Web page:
TechHow To

How to Flash a GSI on an Android Device

In 2017, Google’s Project Treble was introduced, bringing a substantial architectural change to Android. Specifically, it separated the Android operating system, which is the same for all devices, from the low-level software that is specific to each device. As a result, Android smartphone manufacturers (OEMs) and custom ROM developers can now process Android upgrades faster than before, on devices running Android 9 and above.

Project Treble also gave birth to GSIs. A GSI (Generic System Image) features a pure Android implementation and contains adjusted configurations to make it work on any Project-Treble-compliant device. With a GSI, you can experience a new Android version before your OEM releases the over-the-air upgrade on your phone.

Here, we’ll guide you on flashing a GSI on supported Android devices.

Prerequisites Before Flashing a GSI

Flashing a Generic System Image on an Android device is a simple process. But even so, there are a few points to check before starting. These prerequisites will guarantee you have a smooth experience, so don’t skip any of them:

Once everything is in check, you can proceed with the Android GSI installation below.

Step 1: Ensure Your Device Supports Project Treble

Before you do anything else, double-check that your Android device is Trebalized (Project Treble compatible). Google has made it a general rule of thumb that every device launching with Android 8 (Oreo) or later ships with Project Treble compatibility, but there is no harm in confirming this for your device.

Treble Info App Treble and VNDK Section Information

A simple way to do this is by downloading the Treble Info app from the Google Play Store. Launch the app, head over to the Treble and VNDK section, and if you see a green tick on the left, your Android device supports Project Treble. The summary provides more information, including the VNDK (Vendor Native Development Kit) veion number corresponding to your device’s Android version.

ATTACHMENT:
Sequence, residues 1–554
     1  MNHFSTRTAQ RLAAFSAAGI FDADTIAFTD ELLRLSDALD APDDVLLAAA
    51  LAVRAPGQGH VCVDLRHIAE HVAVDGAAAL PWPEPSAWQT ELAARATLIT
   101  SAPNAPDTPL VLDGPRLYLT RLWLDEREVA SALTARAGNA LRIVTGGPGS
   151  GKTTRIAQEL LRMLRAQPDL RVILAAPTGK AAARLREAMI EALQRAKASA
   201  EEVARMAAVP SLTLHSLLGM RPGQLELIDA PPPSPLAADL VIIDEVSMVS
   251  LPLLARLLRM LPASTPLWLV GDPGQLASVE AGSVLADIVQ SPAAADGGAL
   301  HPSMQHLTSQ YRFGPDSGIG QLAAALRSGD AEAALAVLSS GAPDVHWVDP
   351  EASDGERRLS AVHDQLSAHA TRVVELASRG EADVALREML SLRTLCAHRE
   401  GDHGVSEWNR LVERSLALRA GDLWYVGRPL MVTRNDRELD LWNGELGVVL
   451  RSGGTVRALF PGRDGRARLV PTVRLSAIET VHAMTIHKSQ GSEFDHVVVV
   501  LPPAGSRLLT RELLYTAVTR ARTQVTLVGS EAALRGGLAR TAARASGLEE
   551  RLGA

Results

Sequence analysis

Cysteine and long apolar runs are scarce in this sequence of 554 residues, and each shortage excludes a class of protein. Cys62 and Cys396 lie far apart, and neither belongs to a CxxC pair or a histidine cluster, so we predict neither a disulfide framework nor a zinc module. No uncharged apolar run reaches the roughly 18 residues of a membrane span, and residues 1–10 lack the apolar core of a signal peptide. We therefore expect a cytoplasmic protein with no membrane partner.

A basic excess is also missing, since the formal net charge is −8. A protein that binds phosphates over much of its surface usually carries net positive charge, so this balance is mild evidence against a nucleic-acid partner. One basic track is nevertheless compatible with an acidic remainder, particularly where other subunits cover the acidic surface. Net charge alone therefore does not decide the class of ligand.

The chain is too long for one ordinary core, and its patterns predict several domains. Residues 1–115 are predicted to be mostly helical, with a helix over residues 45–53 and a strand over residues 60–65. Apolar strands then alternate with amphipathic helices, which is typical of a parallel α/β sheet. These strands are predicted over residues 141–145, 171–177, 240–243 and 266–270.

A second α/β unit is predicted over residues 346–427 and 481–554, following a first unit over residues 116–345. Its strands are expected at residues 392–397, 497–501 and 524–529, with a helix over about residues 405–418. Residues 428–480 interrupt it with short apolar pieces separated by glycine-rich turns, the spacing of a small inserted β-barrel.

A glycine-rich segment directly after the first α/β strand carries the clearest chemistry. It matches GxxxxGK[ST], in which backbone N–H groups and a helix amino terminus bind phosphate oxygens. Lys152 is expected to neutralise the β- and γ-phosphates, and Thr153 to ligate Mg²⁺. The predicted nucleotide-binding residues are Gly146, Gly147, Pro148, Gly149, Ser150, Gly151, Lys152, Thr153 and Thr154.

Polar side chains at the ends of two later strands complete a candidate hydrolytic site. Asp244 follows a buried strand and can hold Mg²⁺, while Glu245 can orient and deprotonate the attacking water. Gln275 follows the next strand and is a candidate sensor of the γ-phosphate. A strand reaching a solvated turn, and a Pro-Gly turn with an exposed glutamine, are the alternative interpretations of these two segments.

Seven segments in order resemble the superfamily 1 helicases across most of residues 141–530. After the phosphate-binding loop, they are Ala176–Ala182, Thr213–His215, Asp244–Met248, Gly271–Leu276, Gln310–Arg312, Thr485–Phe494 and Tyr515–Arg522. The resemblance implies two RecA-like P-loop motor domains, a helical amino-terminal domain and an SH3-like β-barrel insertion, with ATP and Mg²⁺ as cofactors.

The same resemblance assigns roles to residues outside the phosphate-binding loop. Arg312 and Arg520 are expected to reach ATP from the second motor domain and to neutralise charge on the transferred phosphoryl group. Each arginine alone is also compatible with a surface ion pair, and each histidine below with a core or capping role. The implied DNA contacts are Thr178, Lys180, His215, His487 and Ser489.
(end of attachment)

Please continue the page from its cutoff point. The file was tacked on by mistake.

Step 2: Confirm the CPU Architecture and Partition Info

Android GSIs target several CPU architectures, including ARM, ARM64, x86, and x86-64. As such, make sure you obtain the correct GSI for your device’s CPU. To find your device’s CPU architecture, open the Treble Info app again. You’ll find the device’s CPU variant under the Architecture section.

Treble Info App Excerpt Showing Architecture, Seamless Upgrades, and Dynamic Partitions Info

Before closing the app, under the Dynamic Partitions section, check whether your device uses dynamic partitions. You’ll need this information to determine whether to flash the GSI in fastboot or fastbootd mode later.

Fastboot or Fastbootd mode is accessible when the Android OS isn’t running and helps you read or write to your phone’s flash memory. Exercise extreme caution when using any of these modes.

Step 3: Download a GSI

Now that you know your device’s CPU architecture information, head to Google’s GSI releases page on your PC to find an appropriate GSI. Remember to download a GSI that matches your Android version or higher.

If you want a GSI with Google Play Services, choose the one with gms in the file name. After a successful download, you’ll find system.img and vbmeta.img files in the GSI zip folder.

WinRAR App Showing Contents of a GSI zip File

Now, extract the system.img and vbmeta.img files and place them in the Platform Tools folder you set up in the prerequisites section above. Placing these files in the same folder as the Platform Tools guarantees that all the commands below will run successfully.